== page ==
19. #79
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    Quote Originally Posted by Gray Guardian View Post
    Mr Wizardry summed up his views perfectly IMO in the comment section of the Obsidian interview article, let me paraphrase 'Star Trail is one of the most complex rpgs ever, it had over 50 skills, sadly not all of them worked'. This demonstrates the mentality of more complexity, more numbers, more features, MORE EVERYTHING even if it doesn't work at all and has no purpose in enhancing the gameplay. I really don't think there is a point in arguing this kind of attitude.
    Exactly right. Only a fool would think that the sensible evolution of a game that had a lot of complexity but didn't get it all right would be to make a game with a lot of complexity that did get it all right. Only a fool.
    Irrelevant on further examination of the rest of the thread.

  20. #80
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    Quote Originally Posted by soldant View Post


    I don't think anybody bitches about the levels being "too complex". The thing that people say about it is that it's not really non-linear. You still have a very specific path to take which you are placed on by hunting for keys and switches. It just increases backtracking to artificially extend gameplay time. There's still only one exit, one way to get there, and you'll need these keys in this order to do it.
    I think the non linear part that people talk about is the order of things you have to do to get to the exit. Sometimes you take the blue key first, sometimes you take the red,etc... Im not to fond of this kind of praise neither.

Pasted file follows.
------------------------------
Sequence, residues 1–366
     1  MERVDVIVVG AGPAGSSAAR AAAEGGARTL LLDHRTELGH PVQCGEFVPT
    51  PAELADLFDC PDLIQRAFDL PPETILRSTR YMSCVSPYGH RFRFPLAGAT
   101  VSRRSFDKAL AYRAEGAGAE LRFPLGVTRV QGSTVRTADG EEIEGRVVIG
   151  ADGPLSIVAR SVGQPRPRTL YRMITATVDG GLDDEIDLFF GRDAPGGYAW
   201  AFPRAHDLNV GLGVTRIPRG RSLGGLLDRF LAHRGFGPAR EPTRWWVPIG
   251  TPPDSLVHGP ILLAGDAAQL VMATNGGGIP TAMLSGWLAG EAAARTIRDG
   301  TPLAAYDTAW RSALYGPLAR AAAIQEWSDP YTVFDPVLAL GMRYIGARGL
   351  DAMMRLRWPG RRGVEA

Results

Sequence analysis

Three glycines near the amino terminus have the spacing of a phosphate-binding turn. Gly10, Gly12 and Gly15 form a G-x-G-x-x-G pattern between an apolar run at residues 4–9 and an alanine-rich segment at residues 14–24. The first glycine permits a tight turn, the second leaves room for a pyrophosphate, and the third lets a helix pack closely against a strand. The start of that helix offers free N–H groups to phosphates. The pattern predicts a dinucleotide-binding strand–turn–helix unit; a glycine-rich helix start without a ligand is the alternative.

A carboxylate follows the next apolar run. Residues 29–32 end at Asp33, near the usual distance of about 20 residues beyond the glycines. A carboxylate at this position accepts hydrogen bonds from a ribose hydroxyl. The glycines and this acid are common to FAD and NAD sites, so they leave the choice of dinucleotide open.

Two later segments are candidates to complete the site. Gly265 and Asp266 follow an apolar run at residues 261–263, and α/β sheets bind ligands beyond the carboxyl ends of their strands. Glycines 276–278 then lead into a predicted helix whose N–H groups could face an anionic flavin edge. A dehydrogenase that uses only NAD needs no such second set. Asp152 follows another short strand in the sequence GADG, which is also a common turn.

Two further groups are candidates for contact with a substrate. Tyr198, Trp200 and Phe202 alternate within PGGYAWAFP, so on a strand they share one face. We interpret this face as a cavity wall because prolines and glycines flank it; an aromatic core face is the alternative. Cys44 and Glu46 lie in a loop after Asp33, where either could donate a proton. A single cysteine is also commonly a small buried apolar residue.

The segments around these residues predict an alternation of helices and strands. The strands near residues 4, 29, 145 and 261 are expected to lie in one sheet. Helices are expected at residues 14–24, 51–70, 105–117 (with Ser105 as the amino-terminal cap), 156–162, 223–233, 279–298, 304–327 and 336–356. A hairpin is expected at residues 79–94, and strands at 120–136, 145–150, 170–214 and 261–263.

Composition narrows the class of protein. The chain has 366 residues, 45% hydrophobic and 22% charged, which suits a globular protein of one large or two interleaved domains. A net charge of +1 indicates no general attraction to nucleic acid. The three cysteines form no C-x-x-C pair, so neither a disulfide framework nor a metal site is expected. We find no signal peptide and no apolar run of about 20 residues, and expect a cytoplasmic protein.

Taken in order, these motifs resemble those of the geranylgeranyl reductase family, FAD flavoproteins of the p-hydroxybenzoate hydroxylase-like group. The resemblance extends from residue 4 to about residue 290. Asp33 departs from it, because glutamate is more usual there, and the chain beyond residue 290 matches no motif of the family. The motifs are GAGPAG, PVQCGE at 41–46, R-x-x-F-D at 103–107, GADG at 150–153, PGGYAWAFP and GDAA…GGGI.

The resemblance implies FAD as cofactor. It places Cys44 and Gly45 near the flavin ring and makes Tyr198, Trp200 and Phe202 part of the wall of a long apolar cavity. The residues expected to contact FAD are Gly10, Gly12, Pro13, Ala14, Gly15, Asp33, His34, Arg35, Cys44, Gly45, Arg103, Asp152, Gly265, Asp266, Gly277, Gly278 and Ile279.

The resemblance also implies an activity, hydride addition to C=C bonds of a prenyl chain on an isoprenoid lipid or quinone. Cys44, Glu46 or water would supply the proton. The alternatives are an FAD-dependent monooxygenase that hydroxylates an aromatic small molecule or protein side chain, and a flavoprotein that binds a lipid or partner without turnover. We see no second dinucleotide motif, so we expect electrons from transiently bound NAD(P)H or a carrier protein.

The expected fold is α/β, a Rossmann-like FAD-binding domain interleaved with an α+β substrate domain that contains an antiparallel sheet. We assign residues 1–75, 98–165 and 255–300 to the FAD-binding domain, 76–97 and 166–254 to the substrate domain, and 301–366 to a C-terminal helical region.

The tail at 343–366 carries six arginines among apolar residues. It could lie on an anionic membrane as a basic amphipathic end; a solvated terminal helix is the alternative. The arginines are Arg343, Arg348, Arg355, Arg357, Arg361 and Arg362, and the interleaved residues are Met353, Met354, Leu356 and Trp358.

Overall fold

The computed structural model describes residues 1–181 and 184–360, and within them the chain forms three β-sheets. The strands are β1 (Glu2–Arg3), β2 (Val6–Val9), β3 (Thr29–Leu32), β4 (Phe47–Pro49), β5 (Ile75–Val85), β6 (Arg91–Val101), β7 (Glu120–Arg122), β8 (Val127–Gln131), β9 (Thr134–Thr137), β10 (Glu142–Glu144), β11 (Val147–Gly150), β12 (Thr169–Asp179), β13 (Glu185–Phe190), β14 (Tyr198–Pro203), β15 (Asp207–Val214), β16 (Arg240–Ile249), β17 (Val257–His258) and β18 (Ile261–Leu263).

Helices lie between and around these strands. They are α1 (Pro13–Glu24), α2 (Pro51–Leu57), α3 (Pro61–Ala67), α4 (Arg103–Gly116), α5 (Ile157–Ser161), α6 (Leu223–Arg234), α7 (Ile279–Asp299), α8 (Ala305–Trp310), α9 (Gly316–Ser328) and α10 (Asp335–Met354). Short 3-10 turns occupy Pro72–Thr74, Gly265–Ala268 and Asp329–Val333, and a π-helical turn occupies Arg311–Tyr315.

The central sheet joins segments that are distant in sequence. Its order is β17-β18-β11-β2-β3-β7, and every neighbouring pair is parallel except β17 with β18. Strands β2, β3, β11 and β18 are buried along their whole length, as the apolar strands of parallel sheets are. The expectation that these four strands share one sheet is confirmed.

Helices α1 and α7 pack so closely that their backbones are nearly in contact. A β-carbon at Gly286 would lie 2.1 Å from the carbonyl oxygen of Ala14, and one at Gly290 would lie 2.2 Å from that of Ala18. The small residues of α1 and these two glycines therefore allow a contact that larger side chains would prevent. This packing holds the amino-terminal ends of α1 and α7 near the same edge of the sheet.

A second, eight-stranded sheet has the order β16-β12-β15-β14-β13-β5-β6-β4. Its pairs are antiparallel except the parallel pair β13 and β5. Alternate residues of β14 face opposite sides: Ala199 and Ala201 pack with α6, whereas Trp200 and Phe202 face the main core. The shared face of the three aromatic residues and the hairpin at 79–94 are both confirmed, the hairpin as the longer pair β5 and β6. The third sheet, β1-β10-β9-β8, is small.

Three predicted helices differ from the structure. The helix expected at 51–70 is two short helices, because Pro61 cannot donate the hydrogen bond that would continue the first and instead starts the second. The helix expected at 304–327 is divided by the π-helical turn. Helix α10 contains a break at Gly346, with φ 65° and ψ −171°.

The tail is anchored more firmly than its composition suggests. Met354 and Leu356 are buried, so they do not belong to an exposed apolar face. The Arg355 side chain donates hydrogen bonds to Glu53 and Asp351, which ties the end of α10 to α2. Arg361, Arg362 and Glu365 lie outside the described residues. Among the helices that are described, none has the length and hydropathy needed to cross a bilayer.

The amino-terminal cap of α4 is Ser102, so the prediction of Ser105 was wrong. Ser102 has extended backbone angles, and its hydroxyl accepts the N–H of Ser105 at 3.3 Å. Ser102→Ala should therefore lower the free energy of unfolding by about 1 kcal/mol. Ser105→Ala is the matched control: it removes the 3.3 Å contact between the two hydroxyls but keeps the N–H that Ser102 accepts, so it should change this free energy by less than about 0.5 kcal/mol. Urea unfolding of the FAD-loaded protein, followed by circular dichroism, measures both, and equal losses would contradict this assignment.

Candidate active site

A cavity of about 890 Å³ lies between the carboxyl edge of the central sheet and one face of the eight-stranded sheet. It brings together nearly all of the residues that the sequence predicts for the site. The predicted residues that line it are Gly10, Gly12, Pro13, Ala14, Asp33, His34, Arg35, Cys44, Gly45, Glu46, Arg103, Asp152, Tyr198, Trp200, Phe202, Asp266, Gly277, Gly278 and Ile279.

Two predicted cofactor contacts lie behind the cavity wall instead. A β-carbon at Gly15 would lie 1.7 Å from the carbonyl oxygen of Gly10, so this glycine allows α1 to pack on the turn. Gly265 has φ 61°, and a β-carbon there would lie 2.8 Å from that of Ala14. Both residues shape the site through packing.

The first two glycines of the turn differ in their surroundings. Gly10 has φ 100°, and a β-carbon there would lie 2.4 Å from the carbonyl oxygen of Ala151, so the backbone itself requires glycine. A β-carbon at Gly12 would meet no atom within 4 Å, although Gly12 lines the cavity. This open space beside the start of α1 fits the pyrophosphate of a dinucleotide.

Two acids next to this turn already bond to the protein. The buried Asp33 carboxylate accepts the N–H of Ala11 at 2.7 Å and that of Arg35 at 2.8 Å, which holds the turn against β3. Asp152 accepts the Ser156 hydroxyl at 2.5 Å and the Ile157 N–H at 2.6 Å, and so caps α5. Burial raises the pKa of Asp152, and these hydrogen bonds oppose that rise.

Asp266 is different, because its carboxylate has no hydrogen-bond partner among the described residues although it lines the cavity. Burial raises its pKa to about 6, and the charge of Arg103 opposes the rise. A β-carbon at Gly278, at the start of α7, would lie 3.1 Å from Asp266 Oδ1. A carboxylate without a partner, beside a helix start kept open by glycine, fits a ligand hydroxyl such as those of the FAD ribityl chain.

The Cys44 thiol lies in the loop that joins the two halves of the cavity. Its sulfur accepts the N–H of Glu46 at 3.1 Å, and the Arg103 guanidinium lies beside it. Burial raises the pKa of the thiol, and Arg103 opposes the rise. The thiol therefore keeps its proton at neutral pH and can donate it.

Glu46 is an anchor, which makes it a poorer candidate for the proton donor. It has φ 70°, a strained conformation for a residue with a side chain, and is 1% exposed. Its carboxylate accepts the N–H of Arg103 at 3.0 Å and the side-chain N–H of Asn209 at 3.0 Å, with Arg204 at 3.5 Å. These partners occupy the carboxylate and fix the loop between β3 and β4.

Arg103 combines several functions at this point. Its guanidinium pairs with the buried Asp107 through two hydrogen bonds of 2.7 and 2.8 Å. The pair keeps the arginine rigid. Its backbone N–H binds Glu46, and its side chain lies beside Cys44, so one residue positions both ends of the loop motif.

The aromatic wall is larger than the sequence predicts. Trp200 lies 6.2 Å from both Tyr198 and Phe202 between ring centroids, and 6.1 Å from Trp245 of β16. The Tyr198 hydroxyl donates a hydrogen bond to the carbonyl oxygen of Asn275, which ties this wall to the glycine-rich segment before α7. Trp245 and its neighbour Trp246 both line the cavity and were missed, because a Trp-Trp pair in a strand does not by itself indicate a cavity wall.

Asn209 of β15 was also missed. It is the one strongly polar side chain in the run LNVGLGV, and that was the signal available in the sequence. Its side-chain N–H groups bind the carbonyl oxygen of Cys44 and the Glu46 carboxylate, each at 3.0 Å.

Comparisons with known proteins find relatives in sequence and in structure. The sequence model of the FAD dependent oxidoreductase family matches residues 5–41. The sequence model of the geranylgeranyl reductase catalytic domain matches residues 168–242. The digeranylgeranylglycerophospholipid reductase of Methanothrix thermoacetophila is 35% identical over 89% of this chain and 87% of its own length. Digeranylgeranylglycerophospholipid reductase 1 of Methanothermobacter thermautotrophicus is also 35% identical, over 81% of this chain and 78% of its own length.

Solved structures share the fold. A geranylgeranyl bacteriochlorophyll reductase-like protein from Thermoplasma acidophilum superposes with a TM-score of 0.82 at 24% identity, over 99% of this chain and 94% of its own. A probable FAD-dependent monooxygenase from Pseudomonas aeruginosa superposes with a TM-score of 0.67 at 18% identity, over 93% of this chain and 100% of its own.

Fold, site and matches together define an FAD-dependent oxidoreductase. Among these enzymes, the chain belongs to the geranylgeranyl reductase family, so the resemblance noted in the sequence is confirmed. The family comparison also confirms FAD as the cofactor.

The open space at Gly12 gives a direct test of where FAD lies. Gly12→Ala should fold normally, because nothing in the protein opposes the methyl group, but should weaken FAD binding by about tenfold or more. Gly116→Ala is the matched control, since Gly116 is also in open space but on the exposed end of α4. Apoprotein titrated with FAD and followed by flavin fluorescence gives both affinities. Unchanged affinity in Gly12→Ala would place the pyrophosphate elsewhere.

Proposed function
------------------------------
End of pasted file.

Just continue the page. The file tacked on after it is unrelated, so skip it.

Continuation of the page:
As for the backtracking, most games with complex level design have it, so i think is silly to criticize backtracking because is inerent to the design philosofy. For me, Thief Level design is perfect, yet there is lots of backtracking. So,to criticize backtracking is akin to asking for linear level design.



    Quote Originally Posted by soldant View Post
    That's not to say that the endless desert corridors of your average CoD game are superior or vastly inferior (CoD games are heavily scripted, a highly linear design makes sense). But the idea that Doom levels were all awesome and represent a great example of non-linear design is flawed.
    COD level design is non-existant,thus inferior(scripts dont take the role of good level design,sorry). Doom level design is good for the most part. Of course there exist games with better level design.

    Quote Originally Posted by soldant View Post
    Also the endless demon hordes and gunplay is ultimately what makes Doom fun. But the downside of that is that players get fatigued easily when there's just an endless onslaught of enemies (something the Serious Sam games never got right, there's no pacing). Valve on the other hand are masters at establishing pacing.
    im my experience, i find the enemy pacing in Doom good enough.